The more we get to know God’s holiness and our inward and outward ugliness, even as believers, the more it should open our eyes to who we really are without Jesus.  And then, may it cause us to cling to the cross and to Jesus because it’s only through Him that we are righteous before God.  And to repent quickly, turning to His forgiveness that times of refreshing may come from the presence of the Lord (Acts 3:19,20).

In the Jewish tradition, the ten days from Rosh Hashanah to Yom Kippur are called the Days of Awe.  They spend those days mourning over their sin and awaiting God’s judgment for them.  The ten days are a time of repentance.  One day this will be fulfilled, as Zechariah 12:10 records that the Jews “will look on Me, on Him whom they have pierced and they shall mourn for Him.”

End of Jewish lesson and on to us:  do we mourn over our sins and repent before the Lord?  On page 122 of Loving God, Colson summarizes reflecting on our sin and the cross well:

“When we see the reality of our sin, we come face to face with it and look into the raging fires of hell itself, and when we then repent and believe and we are delivered from that plight, our entire being is filled with unspeakable gratitude to the God who sent His Son to that cross for us.  We must express that gratitude…by living the way He commands, by obedience, by holy living.  Holy living is loving God.”

Acts 13:38-39 “Through Jesus forgiveness of sins is proclaimed to you and by Him everyone who believes is freed from which you could not be freed by the law of Moses (or by our own devices: me)”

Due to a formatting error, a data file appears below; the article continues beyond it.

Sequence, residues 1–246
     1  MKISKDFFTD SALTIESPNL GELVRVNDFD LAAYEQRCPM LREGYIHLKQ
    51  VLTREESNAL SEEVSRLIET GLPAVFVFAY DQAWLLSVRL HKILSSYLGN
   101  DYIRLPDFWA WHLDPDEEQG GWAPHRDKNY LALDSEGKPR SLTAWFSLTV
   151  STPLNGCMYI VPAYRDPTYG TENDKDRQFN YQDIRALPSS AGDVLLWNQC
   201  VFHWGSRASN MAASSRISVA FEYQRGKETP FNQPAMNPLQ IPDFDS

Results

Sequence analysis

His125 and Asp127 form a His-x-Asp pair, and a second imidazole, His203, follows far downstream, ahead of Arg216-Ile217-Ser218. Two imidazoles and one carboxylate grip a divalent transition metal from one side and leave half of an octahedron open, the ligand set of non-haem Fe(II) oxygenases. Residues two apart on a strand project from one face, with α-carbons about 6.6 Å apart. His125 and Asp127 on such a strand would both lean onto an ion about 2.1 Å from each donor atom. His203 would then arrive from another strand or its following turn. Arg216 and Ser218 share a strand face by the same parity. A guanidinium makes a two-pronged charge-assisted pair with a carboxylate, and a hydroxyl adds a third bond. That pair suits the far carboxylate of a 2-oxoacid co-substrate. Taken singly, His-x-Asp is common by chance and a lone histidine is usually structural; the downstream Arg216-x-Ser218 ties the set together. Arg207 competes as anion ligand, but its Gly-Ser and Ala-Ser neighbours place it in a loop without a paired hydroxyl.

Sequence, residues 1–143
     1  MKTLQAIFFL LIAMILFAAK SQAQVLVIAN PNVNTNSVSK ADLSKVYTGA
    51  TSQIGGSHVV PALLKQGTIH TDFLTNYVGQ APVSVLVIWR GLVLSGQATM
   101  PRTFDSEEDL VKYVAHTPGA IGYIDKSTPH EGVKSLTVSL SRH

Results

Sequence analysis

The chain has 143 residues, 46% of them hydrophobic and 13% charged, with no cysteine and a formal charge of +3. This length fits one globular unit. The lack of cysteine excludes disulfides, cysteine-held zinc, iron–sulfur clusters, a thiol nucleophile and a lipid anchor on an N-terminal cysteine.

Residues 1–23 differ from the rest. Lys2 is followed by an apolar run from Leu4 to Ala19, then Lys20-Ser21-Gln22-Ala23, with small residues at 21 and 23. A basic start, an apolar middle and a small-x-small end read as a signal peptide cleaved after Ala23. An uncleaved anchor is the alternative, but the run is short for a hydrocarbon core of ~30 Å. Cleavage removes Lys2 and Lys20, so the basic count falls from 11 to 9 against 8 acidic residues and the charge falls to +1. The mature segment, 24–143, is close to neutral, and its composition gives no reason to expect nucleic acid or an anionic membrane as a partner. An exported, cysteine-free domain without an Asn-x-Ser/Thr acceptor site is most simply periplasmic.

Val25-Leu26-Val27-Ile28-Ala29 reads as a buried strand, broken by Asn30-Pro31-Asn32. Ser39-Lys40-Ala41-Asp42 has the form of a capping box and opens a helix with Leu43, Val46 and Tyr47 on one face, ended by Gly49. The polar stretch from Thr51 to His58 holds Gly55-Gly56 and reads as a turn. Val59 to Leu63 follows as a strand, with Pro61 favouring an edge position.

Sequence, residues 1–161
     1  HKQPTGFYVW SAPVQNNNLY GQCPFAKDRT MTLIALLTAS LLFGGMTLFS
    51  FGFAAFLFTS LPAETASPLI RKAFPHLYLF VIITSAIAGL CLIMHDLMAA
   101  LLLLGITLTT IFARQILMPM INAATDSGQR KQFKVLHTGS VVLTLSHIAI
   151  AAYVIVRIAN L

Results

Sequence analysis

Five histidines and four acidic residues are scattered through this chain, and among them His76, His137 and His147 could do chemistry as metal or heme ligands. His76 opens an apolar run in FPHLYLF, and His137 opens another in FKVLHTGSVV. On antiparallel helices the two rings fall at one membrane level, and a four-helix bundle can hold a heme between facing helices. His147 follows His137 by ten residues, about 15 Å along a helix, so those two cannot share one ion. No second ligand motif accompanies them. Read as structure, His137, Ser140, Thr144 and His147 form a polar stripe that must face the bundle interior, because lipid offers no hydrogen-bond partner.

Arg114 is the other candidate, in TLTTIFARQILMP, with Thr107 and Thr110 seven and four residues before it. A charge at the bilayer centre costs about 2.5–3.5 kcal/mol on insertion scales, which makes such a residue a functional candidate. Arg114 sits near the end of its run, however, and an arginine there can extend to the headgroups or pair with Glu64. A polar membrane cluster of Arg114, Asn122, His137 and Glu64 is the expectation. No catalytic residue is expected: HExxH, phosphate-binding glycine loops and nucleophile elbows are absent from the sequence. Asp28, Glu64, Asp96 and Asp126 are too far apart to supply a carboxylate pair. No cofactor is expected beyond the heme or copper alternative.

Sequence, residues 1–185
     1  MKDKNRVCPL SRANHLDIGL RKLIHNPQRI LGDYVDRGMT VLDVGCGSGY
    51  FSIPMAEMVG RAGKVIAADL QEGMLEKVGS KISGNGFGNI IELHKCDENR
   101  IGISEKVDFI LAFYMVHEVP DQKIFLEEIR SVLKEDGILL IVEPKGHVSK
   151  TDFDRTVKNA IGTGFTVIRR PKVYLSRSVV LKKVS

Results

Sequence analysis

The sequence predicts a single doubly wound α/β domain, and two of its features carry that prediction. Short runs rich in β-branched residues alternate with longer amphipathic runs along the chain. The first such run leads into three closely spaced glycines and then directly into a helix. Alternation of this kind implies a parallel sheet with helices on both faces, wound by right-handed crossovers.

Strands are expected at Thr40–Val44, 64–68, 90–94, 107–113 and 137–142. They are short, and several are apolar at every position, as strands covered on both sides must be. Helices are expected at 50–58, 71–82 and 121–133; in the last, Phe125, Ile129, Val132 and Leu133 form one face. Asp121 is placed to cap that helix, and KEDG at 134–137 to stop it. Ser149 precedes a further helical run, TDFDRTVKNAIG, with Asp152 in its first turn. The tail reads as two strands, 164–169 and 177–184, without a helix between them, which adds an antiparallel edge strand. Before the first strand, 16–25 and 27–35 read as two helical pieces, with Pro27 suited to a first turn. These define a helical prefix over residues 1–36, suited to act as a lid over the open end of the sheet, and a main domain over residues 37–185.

Colossians 2:14-15 “He canceled the written code with its regulations and cancelled the record of debt that was against us; He took it away, nailing it to the cross.  And having disarmed the powers and authorities, He made a public spectacle of them, triumphing over them by the cross.”


Hallelujah, what a Savior!


About Martha

I am an avid student of the Bible, having studied it diligently for over 40 years. More than that, I love Jesus and want to know Him and to show Him in my life. I am currently in the education field as an Elementary Principal, having degrees in School Counseling and Administration. I have a post graduate degree in Child and Adolescent Mental Health from Bethel University in St. Paul, MN. I have also gone to Bible school at the Columbia Graduate School of Bible and Missions (now Columbia Biblical Seminary) in Columbia, South Carolina and spent summers in youth ministry as well as five years as a youth director in a Baptist General Conference church. View all posts by Martha